Farming Is Risky Business

— Written By Zack Taylor and last updated by
en Español

El inglés es el idioma de control de esta página. En la medida en que haya algún conflicto entre la traducción al inglés y la traducción, el inglés prevalece.

Al hacer clic en el enlace de traducción se activa un servicio de traducción gratuito para convertir la página al español. Al igual que con cualquier traducción por Internet, la conversión no es sensible al contexto y puede que no traduzca el texto en su significado original. NC State Extension no garantiza la exactitud del texto traducido. Por favor, tenga en cuenta que algunas aplicaciones y/o servicios pueden no funcionar como se espera cuando se traducen.

English is the controlling language of this page. To the extent there is any conflict between the English text and the translation, English controls.

Clicking on the translation link activates a free translation service to convert the page to Spanish. As with any Internet translation, the conversion is not context-sensitive and may not translate the text to its original meaning. NC State Extension does not guarantee the accuracy of the translated text. Please note that some applications and/or services may not function as expected when translated.

Collapse ▲

Sanford has been experiencing a lot of growth lately. New stores and services are popping up fast along Horner Boulevard. Over the next several years, many of these businesses will likely thrive, unfortunately some will likely fail. That is the nature of owning a small business. Risk is the probability of an unwanted event occurring, and owning a business is risky. The consumer wants and needs change with time and competition in the marketplace, all contribute to risk when running a small business. There is one business out there which is slightly less visible, but is perhaps the riskiest of all. Farming.

President John F. Kennedy once said, “The farmer is the only man in our economy who buys everything retail, sells everything at wholesale, and pays freight both ways.”  It was a true statement then, and is a true statement today. There are many cost to raising a crop before the farmer receives a check. They must pay retail prices, which they cannot control, for all inputs, including seeds, fertilizers, and more, just to get the plant out of the ground. Additional inputs are made throughout the season to protect the crop from all the insects, weeds, and diseases that mother nature can throw at it. Then they must put the cost and labor into harvesting, and in some cases even processing the crop. Finally, they must pay freight, both ways, to haul the crop to a market. Finally, they will receive a check.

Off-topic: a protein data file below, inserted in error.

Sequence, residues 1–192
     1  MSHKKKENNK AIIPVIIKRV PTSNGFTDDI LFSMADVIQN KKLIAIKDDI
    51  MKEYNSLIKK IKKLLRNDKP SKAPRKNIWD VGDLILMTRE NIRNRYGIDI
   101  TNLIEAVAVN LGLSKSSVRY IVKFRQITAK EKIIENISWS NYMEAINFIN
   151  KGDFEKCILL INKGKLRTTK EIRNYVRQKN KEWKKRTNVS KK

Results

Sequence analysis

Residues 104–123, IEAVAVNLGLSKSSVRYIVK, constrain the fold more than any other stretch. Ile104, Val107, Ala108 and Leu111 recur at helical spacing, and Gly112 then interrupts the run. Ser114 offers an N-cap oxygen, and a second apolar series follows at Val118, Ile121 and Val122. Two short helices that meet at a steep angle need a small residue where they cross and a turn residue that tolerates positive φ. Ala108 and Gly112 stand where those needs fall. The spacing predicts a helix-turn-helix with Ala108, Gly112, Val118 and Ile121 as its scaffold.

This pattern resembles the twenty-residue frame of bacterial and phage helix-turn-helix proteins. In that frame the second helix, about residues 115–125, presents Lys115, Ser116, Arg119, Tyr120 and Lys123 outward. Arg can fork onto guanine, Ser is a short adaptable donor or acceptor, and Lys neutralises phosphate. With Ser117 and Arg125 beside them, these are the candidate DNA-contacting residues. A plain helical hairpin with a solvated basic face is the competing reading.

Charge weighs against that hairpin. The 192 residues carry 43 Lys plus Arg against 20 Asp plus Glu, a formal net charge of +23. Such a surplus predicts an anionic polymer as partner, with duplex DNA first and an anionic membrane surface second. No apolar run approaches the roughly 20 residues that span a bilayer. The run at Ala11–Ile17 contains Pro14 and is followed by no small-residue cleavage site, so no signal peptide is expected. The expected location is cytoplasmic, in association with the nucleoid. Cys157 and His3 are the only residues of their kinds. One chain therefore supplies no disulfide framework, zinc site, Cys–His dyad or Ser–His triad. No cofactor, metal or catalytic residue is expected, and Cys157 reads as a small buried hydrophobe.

There is more to the story though. Crops, or commodities, are bought and traded on a market which determines their values. Prices can change rapidly, just like the Farstock prices shown each day in the paper or on the evening news. Droughts in key growing areas can cause prices to skyrocket, while favorable weather conditions may cause them to plummet. It means that when a seed is planted in the spring, after a farmer has already spent a pretty penny on input cost, he or she often has no idea what that final crop will be worth at harvest.

This is where risk management can come into play. Remember, risk is the probability of an unwanted event occurring. By watching and understanding the changing markets for crop commodities, a farmer can choose the best time to sell a crop. As crop prices rise and fall based on long term weather forecast and estimates of global supplies, among other factors, a farmer can sell his or her grain at a time when the price seems high, a practice called hedging. The risk is that the price may continue to rise, in which case a farmer loses potential profits, but if played right, the price will fall, in which case the farmer who hedged will make more than their neighbor who did not. This strategy does not remove all risk, but can help to mitigate risk.

You may be thinking, geez, it sounds like farmers need a degree in marketing. In fact, some farmers have exactly that. For everyone else though, there are workshops available and offered right here in Lee County to make sense out of all these marketing tricks. If you farm, you’ll want to mark your calendar. On Tuesday, January 24, 2017, Nick Lassiter with the North Carolina Department of Agriculture and Consumer Services Marketing Division will be here at the McSwain Center to go over some of the ins and outs of risk management. His workshop titled “Managing Price Volatility/Identifying Macro Indicators.”  It will be offered from 4-6 p.m., and is free to attend. Just give me a call at 919-775-5624 for more information and to register.

It’s all part of being CEO of the family farm. Each day a farmer wears many hats, from mechanic, to scientist, and from accountant to stock broker, among many more. Many see farming as a part of the rural landscape and think little about the true business it has become. It’s time for all of us to take a moment to realize just how much work running the family farm really is.

Zack Taylor is the Agriculture Agent (Field Crops and Livestock) for North Carolina Cooperative Extension in Lee County.